The European automotive aftermarket and service parts business is in the midst of tremendous change, prompted by consolidation among major suppliers and distributors, new technology in vehicles and a push towards e-commerce – all of which is set to have big impacts for logistics and distribution, according to experts speaking at the recent Automotive Logistics Europe conference in Bonn, Germany.
Many of the developments are being driven by a shift in the market structure in Europe. For example, the traditional line for suppliers selling parts supplied to carmakers versus independent retail channels is blurring. Suppliers, carmakers and wholesale distributors are also increasingly using so-called Omni-channel distribution strategies, which might include sending parts not only dealerships or large retailers, but also directly to customers, for example through online orders.
Meanwhile, the fast pace of technological change in vehicles – including software, frequent model updates and electrification – are also set to reshape the aftermarket supply change, often in ways that may challenge the traditional businesses of both carmakers and logistics providers. But while logistics providers should be aware of the risks ahead, there is plenty of potential to gain and create new services.
Supply chain consolidation
Following a long period of sales declines for new vehicles after the 2008 financial crisis, the aftermarket supply chain in Europe is again robust and relatively healthy. However, that is partly as a result of significant consolidation up and down the supply chain.
The wholesale aftermarket business has also consolidated, driven in part by investment from American investors. For example, the largest parts retailer in Europe is now US-based LKQ, a provider of service and accessory parts, which owns Euro Parts in the UK and Sator in Europe. Recently, Uni-Select, a North American parts distributor, invested in The Parts Alliance, the second largest distributor of aftermarket parts in the UK.According to Frank Schlehuber, director of aftermarket at the European Association of Automotive Suppliers (CLEPA), about 50% of the entire tier supplier business is now in the hands of the top 100 global companies (up from 36% in 2009).
At the same time, parts suppliers are targeting end consumers with more direct investment either in wholesale or through independent aftermarket retail. Hella, Federal Mogul and ZF are just some examples of major tier suppliers that have done so.
“At the moment no one on the supplier side is ever just happy being a parts manufacturer,” said Schlehuber, everyone is thinking about how they can stretch the border a little bit and expand their activity.”
He added that ‘intermediates’, such as fleet and leasing companies, are also playing a greater role in the aftermarket landscape.
“What happened in the last six years is more intermediates came into the game and this affected both [franchised and independent] channels,” he said. “These intermediates, like fleet leasing and other big leasing companies, have a certain mass, and are looking for service alternatives.”
Supplying and serving whomever will buy
One of the implications of this consolidation is that it changes the purchasing power and customer dynamics for automotive suppliers. Schlehuber gave the example of the US, where parts retailers already sell $10 billion worth of parts, a direction in which Europe may also be heading.
“That’s the sort of dimension where OEMs would like to be. From a size and purchasing perspective, there is no longer a difference for a parts suppliers to sell to an OEM or to the independent aftermarket,” he said.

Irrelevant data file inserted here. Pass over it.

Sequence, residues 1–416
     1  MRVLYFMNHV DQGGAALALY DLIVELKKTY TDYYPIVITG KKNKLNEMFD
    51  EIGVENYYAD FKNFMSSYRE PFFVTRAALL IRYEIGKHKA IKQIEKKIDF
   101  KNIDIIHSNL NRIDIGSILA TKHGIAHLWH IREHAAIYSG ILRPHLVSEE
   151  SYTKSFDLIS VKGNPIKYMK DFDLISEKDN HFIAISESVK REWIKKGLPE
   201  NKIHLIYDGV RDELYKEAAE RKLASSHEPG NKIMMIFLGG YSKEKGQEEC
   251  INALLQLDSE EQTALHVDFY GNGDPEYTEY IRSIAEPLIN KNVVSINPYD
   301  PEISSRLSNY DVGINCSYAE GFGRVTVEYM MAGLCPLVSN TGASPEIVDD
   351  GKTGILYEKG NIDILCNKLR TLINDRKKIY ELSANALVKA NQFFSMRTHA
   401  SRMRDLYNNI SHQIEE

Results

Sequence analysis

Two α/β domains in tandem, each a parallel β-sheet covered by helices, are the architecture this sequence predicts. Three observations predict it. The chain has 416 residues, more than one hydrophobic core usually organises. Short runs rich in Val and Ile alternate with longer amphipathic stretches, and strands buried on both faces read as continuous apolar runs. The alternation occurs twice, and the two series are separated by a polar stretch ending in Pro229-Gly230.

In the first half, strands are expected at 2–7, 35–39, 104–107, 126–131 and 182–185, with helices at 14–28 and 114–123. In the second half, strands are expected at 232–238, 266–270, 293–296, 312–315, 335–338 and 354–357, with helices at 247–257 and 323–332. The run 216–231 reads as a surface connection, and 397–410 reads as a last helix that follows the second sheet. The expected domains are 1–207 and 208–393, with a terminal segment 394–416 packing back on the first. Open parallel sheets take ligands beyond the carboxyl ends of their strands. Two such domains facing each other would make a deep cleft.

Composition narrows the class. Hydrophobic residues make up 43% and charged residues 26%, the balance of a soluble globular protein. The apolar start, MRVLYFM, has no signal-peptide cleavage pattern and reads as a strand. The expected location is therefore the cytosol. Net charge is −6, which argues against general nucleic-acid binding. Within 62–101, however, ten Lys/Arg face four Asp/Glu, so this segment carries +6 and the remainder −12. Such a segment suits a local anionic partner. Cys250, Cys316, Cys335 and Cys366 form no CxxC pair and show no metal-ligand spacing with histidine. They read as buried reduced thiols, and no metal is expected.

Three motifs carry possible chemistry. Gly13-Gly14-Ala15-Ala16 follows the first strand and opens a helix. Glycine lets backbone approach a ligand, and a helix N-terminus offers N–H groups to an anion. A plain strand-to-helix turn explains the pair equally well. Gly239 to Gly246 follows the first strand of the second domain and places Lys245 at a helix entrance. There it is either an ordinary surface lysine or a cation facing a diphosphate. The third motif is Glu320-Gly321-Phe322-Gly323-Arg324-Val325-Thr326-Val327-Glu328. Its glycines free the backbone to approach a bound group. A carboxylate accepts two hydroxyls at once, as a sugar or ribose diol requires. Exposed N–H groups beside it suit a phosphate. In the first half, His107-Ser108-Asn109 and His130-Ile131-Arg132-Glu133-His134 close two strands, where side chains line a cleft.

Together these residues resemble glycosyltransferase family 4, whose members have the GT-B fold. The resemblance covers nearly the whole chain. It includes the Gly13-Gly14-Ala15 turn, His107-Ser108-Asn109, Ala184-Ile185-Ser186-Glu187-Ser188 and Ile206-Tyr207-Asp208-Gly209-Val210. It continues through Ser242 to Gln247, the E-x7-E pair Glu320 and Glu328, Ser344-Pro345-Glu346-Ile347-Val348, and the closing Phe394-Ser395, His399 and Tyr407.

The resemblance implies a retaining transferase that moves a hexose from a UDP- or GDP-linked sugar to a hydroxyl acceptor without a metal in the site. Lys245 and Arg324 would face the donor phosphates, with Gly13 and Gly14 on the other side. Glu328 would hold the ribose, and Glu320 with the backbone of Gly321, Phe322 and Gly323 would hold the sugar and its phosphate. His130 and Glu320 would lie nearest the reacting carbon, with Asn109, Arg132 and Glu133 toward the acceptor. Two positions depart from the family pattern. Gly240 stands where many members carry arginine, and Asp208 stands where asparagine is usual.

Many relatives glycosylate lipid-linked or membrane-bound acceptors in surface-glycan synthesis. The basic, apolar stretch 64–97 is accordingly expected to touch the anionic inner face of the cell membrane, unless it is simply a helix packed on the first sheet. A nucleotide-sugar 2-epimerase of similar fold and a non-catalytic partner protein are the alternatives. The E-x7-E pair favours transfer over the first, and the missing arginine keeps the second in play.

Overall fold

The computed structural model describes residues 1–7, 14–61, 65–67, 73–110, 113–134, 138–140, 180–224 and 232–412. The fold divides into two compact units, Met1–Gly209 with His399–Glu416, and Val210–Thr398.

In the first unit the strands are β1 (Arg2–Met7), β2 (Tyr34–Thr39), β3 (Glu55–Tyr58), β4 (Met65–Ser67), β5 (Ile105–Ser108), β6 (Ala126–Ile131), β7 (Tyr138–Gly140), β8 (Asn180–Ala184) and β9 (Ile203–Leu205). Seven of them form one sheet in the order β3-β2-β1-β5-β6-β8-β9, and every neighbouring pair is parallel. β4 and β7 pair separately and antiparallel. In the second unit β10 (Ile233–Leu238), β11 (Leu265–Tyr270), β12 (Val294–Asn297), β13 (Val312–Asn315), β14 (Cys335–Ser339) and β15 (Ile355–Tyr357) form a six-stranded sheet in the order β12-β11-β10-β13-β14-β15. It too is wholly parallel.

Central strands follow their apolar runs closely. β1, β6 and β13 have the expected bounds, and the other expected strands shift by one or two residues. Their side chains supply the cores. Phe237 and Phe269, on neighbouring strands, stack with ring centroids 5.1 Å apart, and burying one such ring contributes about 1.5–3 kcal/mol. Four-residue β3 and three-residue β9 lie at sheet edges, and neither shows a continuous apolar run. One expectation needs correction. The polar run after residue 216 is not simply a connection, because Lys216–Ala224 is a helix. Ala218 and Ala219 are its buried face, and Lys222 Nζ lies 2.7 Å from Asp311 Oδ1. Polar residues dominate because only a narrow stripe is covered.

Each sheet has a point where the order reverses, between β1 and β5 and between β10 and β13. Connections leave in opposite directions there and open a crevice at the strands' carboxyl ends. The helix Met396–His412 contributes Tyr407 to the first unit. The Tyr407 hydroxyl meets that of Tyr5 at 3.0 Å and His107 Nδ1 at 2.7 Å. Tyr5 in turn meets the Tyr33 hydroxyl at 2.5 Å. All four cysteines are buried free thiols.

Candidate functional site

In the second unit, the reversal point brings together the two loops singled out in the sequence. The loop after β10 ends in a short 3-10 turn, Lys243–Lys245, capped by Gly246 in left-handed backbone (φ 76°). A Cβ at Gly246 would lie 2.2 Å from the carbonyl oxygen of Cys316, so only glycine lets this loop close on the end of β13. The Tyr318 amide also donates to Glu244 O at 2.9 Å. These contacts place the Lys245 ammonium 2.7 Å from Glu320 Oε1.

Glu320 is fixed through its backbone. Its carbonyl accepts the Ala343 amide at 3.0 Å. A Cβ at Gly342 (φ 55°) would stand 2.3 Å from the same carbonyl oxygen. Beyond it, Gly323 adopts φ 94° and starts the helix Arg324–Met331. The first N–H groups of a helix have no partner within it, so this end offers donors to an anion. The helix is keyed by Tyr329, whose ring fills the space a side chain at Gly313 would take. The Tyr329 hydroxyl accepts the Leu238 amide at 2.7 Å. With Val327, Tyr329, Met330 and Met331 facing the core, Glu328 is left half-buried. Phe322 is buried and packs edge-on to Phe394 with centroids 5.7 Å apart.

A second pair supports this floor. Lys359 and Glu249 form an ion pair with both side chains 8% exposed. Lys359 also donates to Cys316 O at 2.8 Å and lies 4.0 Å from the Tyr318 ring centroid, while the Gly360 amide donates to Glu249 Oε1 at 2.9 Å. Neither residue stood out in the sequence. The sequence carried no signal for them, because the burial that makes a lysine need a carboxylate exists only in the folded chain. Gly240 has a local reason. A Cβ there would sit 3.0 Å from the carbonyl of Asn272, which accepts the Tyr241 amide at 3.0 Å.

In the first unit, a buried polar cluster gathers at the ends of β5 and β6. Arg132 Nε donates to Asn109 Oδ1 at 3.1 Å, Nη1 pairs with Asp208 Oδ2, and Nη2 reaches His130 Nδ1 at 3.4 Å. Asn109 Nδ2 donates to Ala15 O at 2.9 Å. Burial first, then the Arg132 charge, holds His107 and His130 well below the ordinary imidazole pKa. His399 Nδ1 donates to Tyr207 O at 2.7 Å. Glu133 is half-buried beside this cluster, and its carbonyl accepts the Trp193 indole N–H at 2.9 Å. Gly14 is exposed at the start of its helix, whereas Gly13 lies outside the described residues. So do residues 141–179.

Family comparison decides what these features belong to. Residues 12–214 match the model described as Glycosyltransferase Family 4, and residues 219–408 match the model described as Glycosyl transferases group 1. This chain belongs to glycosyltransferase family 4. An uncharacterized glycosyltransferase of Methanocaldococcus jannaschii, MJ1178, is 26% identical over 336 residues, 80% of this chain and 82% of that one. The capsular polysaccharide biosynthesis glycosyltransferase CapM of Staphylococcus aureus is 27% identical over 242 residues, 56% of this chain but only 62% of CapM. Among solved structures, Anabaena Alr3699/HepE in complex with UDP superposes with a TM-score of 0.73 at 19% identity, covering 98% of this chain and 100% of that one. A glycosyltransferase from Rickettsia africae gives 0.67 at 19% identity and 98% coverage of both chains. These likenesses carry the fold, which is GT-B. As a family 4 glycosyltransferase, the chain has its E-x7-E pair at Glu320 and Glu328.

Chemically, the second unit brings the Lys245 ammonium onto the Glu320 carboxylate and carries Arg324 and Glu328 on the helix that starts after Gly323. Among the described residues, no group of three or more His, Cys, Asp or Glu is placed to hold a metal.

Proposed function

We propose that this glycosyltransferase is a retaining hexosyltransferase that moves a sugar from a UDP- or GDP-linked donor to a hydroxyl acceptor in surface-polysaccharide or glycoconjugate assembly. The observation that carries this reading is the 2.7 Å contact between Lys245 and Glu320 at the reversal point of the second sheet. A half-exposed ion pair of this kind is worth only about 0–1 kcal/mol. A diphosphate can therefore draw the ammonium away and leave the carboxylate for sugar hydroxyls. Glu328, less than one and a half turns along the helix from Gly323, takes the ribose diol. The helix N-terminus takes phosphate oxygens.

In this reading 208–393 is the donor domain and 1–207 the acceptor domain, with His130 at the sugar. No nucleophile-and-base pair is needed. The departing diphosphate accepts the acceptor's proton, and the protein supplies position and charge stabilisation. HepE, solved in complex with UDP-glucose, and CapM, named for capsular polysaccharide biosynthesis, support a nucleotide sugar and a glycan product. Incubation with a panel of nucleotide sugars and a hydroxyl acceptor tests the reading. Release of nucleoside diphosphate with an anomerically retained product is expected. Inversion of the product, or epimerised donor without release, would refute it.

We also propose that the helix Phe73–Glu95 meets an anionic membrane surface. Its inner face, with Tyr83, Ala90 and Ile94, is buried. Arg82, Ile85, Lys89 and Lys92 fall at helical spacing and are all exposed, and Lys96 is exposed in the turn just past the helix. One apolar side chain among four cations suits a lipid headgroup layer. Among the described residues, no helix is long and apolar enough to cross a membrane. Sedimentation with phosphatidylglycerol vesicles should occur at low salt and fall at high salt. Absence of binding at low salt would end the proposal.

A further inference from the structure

E-commerce distribution is also playing a significant role in the marketplace, as independent parts wholesalers and retailers look for opportunities to serve customers in new ways.
The result is an even more competitive landscape for carmakers, which are responding by expanding their own parts offerings, as well as by increasing delivery services to try to keep up with the independent aftermarket.
For example, OEMs are trying to compete by breaking into the independent aftermarket and e-commerce channels. A good example of this is France’s Groupe PSA, which in 2015 took over Mister Auto, a leading e-commerce dealer in multi-brand replacement parts, with around 2m customers and handling 12,000 orders a day.
This means that PSA is selling service parts that are not just used on Peugeot, Citroën or DS models but also rival car makes, including Volkswagen, Daimler and Toyota. Earlier this year, Ford also launched its all-makes Omnicraft brand in the US, which will eventually be rolled out to Europe and other markets.
Such strategies are ways for carmakers to make better use of workshop utilisation, according to Stephan Freichel, professor at Cologne University of Applied Sciences.
“[PSA] is heavily into [the ‘all makes’ programme] with 900,000 parts numbers and that is adding onto their original equipment supplier warehousing,” he said. “It means new part numbers and new distribution links. They are doing it not only for their workshops but to deliver into other parts of the channel, including wholesale of independent parts.”
Freichel added that the business and the logistics supporting it had to cope with the increased demand on services because of the business potential at stake.
Carmakers are also exploiting the connections they already have with the independent aftermarket to increase sales. “Very often the independent workshop needs a part from the OES [original equipment supplier] because it is a captive part and you can’t get it on the independent aftermarket,” explained Freichel. “So if there is a connection, why not use it to sell other parts and to deliver it directly?”
Such changes in the landscape are already impacting logistics. For example, manufacturers increasingly have to cope with the requirements of the independent aftermarket, including trying to match the kind of multiple, same-day deliveries that are common among such retailers, rather than OEMs’ more traditional overnight services.
Freichel explained that meeting the demand for more parts and more frequent deliveries has led the OEM sector to provide a better service than ever before. For example, some car brands have invested heavily in their networks, adding new warehouses, such as BMW has done, both in the US and Europe, with its dealer metro distribution centres, providing multiple deliveries per day.